Facebook may have changed the way we communicate, but what really is it worth? Investors say $50 billion, but all it produces is a vast database of information about its users. Anyone who thinks that information is NOT going to be misused is fooling themselves. First of all, Facebook was founded by a guy with shaky — at best — ethics. But more importantly, with $50 billion on the line, Wall Street bankers are going to do whatever it takes to make a profit from that money. There is legislation supposedly percolating that would protect online privacy, but don’t be fooled. Congress is the puppet of Wall Street, as has been proved time and again to the detriment of everyone else. They are not going to legislate away Wall Street’s golden goose. Nope. Ain’t gonna happen.

For more about how Facebook makes money, see this article.

In the meantime, The Social Network is a film worth watching because it is entertaining, whatever you think of Facebook and its founder.

Every totalitarian regime needs a “Republican” party

[see update at the end of the post]

I have only marginally been keeping my eye on the unfolding drama in Wisconsin, where the Tea Party Republican governor, Scott Walker, is attempting to strip state workers of the right to collective bargain. Just when you think Republicans* can’t possibly sink any lower, someone puts them in power and, WHAM!

I’ve been trying not to get too worked up about the Tea Party, as I have more interesting things to work on and think about. But a note on James Fallows’ Atlantic Monthly blog informed me of yet another abuse of power by Republicans in Wisconsin. William Cronon, an historian whom I admire, is being targeted for intimidation by Republicans for having the temerity to criticize Walker and his henchmen. The hypocrisy of these so-called anti-government people trying to use the power of their position in government to get-even with a private citizen speaks for itself. Apparently, they care more about maintaining their influence than they do about their supposed principals. It’s that kind of thinking that is the fertile soil for totalitarian regimes. I can only hope that more moderate Republicans begin to fight back, to regain control of their party — I guess, what I am saying is that I hope “moderate Republican” hasn’t become an oxymoron.

Here’s a link to Professor Cronon’s account of the whole affair and his response to it.

*The reason I put “Republican” in quotes in the heading to the post is that I don’t intend this as an attack on all or necessarily even most of the people affiliated with that party. We can have reasonable debates about policies, as long as we work together to solve our problems. Increasingly, the right-wing of the Republican Party has been controlling the agenda for that “half” of our political spectrum. This group, the far right, is driven by self-righteousness and ignorance, a dangerous mixture only when they are given power. While it is not my intention to say that all Republicans are friends to fascism, if they stand by idly for the abuses of the extremists in their party, then they are complicit in those abuses.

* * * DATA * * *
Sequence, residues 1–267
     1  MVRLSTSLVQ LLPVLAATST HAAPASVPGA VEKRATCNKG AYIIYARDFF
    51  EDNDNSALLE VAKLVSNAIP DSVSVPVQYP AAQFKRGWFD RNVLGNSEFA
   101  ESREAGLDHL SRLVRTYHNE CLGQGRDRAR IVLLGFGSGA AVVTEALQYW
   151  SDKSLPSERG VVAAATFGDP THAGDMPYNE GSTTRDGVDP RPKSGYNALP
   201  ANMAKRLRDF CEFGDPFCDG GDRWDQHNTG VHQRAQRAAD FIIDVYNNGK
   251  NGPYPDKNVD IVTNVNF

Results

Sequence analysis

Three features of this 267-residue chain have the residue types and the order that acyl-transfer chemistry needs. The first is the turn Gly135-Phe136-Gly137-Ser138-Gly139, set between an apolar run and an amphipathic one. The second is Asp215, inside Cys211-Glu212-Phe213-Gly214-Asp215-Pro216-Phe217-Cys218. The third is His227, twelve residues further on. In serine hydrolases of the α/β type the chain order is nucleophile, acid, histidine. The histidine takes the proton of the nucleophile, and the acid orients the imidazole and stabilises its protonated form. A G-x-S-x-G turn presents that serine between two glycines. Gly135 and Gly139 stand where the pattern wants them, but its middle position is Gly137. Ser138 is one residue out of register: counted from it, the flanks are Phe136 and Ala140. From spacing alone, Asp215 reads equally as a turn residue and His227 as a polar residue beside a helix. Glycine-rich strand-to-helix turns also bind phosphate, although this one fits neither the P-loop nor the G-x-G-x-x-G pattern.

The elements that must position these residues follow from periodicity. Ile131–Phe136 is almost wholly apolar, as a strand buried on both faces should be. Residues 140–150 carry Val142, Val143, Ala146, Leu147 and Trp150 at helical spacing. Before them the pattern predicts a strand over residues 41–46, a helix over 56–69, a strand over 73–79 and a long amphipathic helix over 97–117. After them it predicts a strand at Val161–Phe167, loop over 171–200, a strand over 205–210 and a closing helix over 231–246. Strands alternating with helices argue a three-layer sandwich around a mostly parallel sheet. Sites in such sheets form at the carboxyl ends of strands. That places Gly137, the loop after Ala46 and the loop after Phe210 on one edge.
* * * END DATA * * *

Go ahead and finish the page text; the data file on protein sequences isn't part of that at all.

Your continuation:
Update: The New York Times is publishing an editorial about this affair on Monday, March 28, supporting William Cronon. They conclude the editorial with these comments:

A political fishing expedition through a professor’s files would make it substantially harder to conduct research and communicate openly with colleagues. And it makes the Republican Party appear both vengeful and ridiculous.

I would have to make one correction to this statement. It doesn’t make the Republican Party “appear” vengeful and ridiculous — It demonstrates that, in fact, the Republican Party IS vengeful and ridiculous.

Inside Job. Must see viewing… Really!

I just finished watching Charles Ferguson’s documentary about the financial crisis of 2008, “Inside Job.” It is an outstanding piece of journalism, which I urge everyone to see, no matter which end of the political spectrum you may reside upon.

The movie makes it clear the danger began with deregulation of the financial industry that began with Reagan, but continued unabated through the Clinton and Bush II presidencies. That it was further fueled by industry insiders who had power and influential positions high up in those administrations, and that it was ignited by the greed of Wall Street bankers.

Ferguson and his crew explain the crisis — that is the financial dealings and misdealings — in a way that is easy to follow and understand. Basically, deregulation, lax oversight and politicians all too willing to overturn decades old laws at the bidding of their Wall Street masters created the derivatives business, in which mortgages and other loans are sliced and diced, then recombined like Spam, and sold to investors through the aid of fraudulent AAA ratings. Companies like Goldman Sachs would sell these crappy investments to their customers, while simultaneously betting these investments would fail. How could they do such a thing? Well, in our wisdom we allow someone to insure an investment — but not just ones they own. A company like Goldman Sachs could insure investments that didn’t belong to them. It’s as if my neighbor could get fire insurance should MY house burn down, AND was the distributor for Johnny Pyro Action Figures, with genuine jets of flame — fun for the whole family!

The whole scheme requires a steady stream of mortgages, and no one cares if the borrowers can pay their debts, so the investments get riskier and riskier. Then, when the housing market tanks and all these bad loans start failing, the insurance companies — primarily AIG — suddenly have to pay out multiple claims on the same bad loans. If they don’t the biggest banks will collapse, so the U.S. government takes over AIG and pays out 100% of the claims to Goldman Sachs and other banks… and guess who is responsible for that decision. People like Treasury Secretary Henry Paulson, who just so happened to be the former CEO of Goldman Sachs. Paulson made a fortune — over $100 million — running Goldman Sachs while it was cheating its clients, then funneled U.S. tax payers money through AIG to keep his old company afloat. Sheer genius.